Fairbanks Holds Outreach for Mothers Of Pre-Schoolers

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Womens Ministry

Motherhood comes without an instruction manual. Where does a mother go to learn how to become the best she can be? For mothers of preschoolers (MOPS) in Fairbanks, Alaska, they come to The Salvation Army.

Major Deborah Greene, Fairbanks corps officer, felt a strong desire to develop an outreach program to provide support for mothers of preschool age children after listening to a radio broadcast, “Mom Sense,” produced by MOPS, International, a non-denominational ministry to mothers of preschoolers. MOPS’ purpose is to nurture every mom, meeting her distinct needs to the glory of Jesus Christ. For several years the idea kept coming to mind.

In Fairbanks, a corps with several MOPS mothers, it seemed the time was right to begin this ministry. Greene approached one of her soldiers, Mary Lee Dexter with her idea at a corps barbecue in July 1997. Dexter agreed to help charter the group. Announcements were sent to the media and visits scheduled with families who were served at The Salvation Army’s Family Services office. Within a short time, Greene and Mary Lee Dexter were ready to begin the Fairbanks MOPS ministry.

For two hours, twice a month, mothers come together to experience adult conversation and have respite from the ever demanding role of motherhood. The meeting provides a time for learning about mothering, self-image, marriage enrichment and other relevant topics. Mothers may also participate in creative projects.

Each meeting has been a time of sharing, praying and support for everyone in attendance. One MOPS mom, Debbie Ruckle, shares “As a stay at home mom it can be discouraging. MOPS gives me validation as a mother. I come home from each meeting with the feeling I am doing a service to myself and my children by staying home. I may not be receiving a paycheck, but I am making a deposit into an account from which I will draw when my children are grown and on their own.”

The MOPS ministry also encourages mothers to assume leadership in the program, including publicity, record keeping, creative activity time and hostessing. While attending a MOPS anniversary celebration another mother, Sheila, learned about a teen MOPS program and is interested in developing this in Fairbanks.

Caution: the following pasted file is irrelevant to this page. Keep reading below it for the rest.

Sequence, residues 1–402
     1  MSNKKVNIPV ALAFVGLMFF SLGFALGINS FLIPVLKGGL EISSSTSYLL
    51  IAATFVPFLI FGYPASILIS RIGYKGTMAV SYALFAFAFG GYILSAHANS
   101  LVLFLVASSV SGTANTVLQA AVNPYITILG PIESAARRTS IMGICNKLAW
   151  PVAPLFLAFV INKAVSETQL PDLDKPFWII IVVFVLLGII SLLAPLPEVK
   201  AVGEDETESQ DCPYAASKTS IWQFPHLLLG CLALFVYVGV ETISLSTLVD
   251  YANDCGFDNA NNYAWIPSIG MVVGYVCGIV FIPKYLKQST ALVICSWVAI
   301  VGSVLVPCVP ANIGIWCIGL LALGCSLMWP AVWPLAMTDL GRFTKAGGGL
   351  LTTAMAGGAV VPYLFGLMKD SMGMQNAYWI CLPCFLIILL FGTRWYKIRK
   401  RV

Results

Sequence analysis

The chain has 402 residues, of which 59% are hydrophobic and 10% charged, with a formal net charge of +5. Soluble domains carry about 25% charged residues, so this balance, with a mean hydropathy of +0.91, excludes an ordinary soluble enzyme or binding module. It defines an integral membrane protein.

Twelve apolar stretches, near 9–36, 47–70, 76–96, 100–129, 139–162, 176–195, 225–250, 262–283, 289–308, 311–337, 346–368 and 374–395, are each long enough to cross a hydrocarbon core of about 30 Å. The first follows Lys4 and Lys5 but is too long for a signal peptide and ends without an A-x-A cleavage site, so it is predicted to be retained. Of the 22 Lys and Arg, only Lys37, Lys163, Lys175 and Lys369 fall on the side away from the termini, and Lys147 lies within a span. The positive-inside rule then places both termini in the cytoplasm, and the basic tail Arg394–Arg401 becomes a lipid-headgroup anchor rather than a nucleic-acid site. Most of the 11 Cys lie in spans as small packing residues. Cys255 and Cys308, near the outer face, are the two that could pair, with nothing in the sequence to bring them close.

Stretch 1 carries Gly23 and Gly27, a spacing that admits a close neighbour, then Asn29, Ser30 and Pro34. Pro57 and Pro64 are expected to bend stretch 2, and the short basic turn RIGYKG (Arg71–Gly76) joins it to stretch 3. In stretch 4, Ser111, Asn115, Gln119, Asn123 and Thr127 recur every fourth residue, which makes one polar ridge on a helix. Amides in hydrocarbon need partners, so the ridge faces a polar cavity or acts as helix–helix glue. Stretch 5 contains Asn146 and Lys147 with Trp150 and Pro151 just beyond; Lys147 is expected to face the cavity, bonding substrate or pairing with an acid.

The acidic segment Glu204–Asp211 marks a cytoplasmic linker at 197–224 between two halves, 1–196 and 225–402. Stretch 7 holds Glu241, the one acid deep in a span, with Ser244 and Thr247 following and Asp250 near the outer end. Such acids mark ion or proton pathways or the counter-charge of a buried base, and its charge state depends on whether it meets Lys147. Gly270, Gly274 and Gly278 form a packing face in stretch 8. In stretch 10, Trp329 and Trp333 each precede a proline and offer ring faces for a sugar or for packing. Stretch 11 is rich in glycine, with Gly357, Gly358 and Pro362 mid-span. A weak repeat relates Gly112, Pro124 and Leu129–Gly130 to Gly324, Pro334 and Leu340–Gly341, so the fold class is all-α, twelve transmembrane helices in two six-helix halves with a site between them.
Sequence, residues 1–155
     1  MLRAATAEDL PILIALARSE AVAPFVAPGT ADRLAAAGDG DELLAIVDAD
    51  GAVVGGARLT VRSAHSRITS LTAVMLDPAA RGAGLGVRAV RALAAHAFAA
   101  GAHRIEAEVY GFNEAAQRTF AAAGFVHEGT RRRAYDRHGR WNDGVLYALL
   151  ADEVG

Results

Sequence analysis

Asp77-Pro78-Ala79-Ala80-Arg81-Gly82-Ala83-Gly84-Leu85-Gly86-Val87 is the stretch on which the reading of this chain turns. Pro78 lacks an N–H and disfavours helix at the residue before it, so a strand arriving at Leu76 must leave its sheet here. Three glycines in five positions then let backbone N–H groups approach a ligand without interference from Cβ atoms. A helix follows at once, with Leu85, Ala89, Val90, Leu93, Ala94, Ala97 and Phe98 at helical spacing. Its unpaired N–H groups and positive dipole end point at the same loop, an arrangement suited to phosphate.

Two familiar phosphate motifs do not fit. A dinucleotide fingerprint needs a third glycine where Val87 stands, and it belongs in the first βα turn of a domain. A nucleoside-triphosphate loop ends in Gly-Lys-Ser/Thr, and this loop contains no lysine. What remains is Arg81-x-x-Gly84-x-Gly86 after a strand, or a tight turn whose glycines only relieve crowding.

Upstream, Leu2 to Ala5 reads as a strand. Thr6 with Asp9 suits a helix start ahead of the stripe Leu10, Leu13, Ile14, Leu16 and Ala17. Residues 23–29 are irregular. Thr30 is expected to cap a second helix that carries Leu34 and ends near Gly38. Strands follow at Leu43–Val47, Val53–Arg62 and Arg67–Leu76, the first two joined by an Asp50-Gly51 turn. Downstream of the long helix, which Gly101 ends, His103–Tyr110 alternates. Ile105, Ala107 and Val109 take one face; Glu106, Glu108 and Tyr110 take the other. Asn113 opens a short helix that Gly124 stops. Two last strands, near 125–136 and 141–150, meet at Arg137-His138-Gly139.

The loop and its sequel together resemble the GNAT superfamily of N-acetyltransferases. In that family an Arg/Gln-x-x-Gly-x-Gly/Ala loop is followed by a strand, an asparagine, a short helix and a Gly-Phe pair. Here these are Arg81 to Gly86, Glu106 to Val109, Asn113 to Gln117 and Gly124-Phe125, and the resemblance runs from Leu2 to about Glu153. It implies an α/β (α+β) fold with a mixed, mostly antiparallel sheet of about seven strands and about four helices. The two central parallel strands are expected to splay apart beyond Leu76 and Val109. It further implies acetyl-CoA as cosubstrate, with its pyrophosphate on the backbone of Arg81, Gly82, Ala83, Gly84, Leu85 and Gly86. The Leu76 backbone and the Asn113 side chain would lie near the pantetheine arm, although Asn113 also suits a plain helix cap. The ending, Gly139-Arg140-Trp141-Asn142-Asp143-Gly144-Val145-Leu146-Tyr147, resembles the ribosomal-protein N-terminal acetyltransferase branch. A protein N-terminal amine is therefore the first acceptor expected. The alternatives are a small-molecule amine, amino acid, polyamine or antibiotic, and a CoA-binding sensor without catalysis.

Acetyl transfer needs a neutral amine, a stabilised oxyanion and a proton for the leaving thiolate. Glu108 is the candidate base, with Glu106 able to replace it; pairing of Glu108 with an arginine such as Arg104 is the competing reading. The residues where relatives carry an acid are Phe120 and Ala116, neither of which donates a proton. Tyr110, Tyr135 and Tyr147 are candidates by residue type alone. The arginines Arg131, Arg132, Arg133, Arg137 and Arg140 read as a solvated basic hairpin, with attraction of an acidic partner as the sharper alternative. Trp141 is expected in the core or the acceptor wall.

Other corps members such as Home League Secretary Dorothy Fetterman have joined the program. In September 1998, Dorothy became the Titus woman. As such, she provides an example of Christian motherhood, offering wisdom and guidance to mothers newly beginning their journey into motherhood.

Moppets, the childcare program, is more than babysitting. Children are involved in age appropriate activities and teaching about Jesus. A shortage of leadership has been a concern. A letter sent to other churches in Fairbanks resulted in one volunteer who is interested in coordinating the Moppets program. The goal is to increase the present two classroom program to four classes with a teacher and assistant in each room.

In the winter, mothers brave the down to minus 40 degree temperatures, packing babies and diaper bags to attend MOPS. One brings her four children, one a newborn, to the meetings. Two military wives travel some distance from the base outside of Fairbanks to attend. One has expressed the desire to bring her family to the corps. Many do not have a church home and we are praying that they will come to The Salvation Army services.

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